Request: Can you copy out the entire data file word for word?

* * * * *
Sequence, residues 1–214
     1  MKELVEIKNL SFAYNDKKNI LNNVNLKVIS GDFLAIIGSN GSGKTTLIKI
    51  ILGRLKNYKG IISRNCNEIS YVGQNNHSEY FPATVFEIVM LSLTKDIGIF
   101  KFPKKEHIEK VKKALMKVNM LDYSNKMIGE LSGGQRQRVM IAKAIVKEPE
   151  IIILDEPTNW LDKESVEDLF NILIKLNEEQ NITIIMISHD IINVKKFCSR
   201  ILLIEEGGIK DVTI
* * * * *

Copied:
Sequence, residues 1–214
     1  MKELVEIKNL SFAYNDKKNI LNNVNLKVIS GDFLAIIGSN GSGKTTLIKI
    51  ILGRLKNYKG IISRNCNEIS YVGQNNHSEY FPATVFEIVM LSLTKDIGIF
   101  KFPKKEHIEK VKKALMKVNM LDYSNKMIGE LSGGQRQRVM IAKAIVKEPE
   151  IIILDEPTNW LDKESVEDLF NILIKLNEEQ NITIIMISHD IINVKKFCSR
   201  ILLIEEGGIK DVTI